Going to see a Wooster Group show is always a little disorienting. The New York avant-garde theater company’s shows are always a mix of high concept, critical source material; and, depending on your taste, either a delightful or intrusive amount of technology.
For their latest show at REDCAT, “The Town Hall Affair,” the Wooster Group’s source material is several films from the 1970s. The first is a bizarre time capsule of a documentary that captures a public debate between three shades of feminism: Jill Johnston, Germaine Greer, and Diana Trilling (played onstage by Kate Valk, Maura Tierney, Greg Mehrten) and the ur-male of the time Norman Mailer (played by both Ari Fliakos and Scott Shepherd). The Wooster Group recreates snippets of this public debate using the 1979 documentary, “Town Bloody Hall” by Chris Hegedus and D. A. Pennebaker as a visual foundation.
Sitting in front of video screens showing the documentary, the actors voice the film precisely matching the cadences and inflection of the original speaker. It has the quality of high concept lip-syncing; though that misses both the intent and the impact of the performance. It is closer to watching a piece of history reanimated and reinhabited in front of you. Oddly, the performers both bring the words closer to us and simultaneously provide a critical distance.
You are watching a silent image of Jill Johnston or Norman Mailer in the background then hearing and seeing an actor take the words out of their mouths and perform them in the present with startling attention to detail. Each speaker’s verbal ticks and oddities exist but in a different mouth which makes them almost like specimens in a study or samples that a dj mixes into some new creation. You hear the words more clearly separated from the original context. “Oh, that’s just Norman Mailer” transforms into “Oh! That’s Norman Mailer!”. This is made all the more fascinating because two different actors (Fliakos and Shepherd) give voice to Mailer’s words.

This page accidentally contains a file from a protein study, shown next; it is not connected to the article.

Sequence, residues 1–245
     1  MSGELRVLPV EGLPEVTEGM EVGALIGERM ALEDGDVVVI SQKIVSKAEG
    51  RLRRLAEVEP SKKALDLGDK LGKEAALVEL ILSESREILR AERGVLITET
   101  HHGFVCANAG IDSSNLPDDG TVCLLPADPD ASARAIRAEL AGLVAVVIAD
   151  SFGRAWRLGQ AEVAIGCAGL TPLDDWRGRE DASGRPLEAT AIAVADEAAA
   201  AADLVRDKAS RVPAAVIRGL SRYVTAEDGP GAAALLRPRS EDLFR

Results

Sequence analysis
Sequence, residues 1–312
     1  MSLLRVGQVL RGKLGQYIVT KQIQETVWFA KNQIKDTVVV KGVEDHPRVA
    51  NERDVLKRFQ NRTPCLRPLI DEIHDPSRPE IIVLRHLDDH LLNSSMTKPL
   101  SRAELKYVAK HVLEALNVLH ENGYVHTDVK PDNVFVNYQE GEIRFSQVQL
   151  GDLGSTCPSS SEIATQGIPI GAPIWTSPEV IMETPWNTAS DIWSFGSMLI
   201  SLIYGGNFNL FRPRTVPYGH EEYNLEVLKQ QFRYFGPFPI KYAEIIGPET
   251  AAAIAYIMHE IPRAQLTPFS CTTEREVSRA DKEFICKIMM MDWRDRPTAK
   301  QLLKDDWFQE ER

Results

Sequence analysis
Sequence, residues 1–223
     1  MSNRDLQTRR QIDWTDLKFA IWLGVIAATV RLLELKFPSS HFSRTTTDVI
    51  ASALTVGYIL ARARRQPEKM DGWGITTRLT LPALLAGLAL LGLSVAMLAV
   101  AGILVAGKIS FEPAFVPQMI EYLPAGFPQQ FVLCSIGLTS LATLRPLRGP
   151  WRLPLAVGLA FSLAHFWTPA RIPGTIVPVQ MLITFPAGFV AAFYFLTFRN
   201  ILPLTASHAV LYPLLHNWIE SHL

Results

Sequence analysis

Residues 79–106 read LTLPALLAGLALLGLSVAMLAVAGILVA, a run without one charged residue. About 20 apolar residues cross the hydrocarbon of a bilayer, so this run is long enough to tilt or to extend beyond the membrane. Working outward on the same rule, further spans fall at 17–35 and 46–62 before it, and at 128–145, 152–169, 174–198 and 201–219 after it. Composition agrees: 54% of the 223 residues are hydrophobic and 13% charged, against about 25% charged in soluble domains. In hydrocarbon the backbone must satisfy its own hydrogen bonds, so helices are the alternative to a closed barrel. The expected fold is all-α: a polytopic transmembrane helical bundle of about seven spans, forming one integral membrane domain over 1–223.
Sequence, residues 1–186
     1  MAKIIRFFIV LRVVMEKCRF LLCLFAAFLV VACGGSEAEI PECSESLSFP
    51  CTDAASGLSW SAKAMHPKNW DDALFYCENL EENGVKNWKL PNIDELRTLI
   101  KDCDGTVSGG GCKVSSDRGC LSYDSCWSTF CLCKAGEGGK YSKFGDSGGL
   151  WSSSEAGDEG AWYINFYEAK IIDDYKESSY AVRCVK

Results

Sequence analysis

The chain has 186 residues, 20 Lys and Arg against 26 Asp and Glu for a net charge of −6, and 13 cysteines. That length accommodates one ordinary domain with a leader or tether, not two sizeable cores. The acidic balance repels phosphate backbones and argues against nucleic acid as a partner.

While all of this sounds terribly serious and heady, the result is actually darkly comic and strangely tragic. The absurdity of Norman Mailer moderating a debate on feminism becomes even more surreal. When the Wooster Group melds the Town Hall event with bizarre snippets of “Maidstone,” a 1970 film Mailer directed and starred in – essentially Mailer playing Mailer for Mailer – you’ve completely gone through the looking glass.
Wooster Group shows are high stakes affairs and tend to skew strongly to one extreme or the other. They either work or they don’t; there’s little middle ground. This one works. It’s clever without being too precious and there’s something striking about hearing this debate replayed for us.
It’s hard to escape the question, What’s happened to public discourse? Even accepting and correcting for Mailer’s particular quirks and chauvinism, the idea that these words and these ideas were part of a public debate seems terribly foreign, as if you’ve just stumbled into a Ph.D. seminar on Freud, Marx and wit. There’s an absurdity to that. However, compared to our 140 character world, these words and ideas seem to speak from not only a different time but a different universe.
The biggest shock of the evening comes not from anything said on stage but after you leave the theater and compare it to the circus of our times.
“The Town Hall Affair” plays at REDCAT downtown through April 1st. Tickets and info.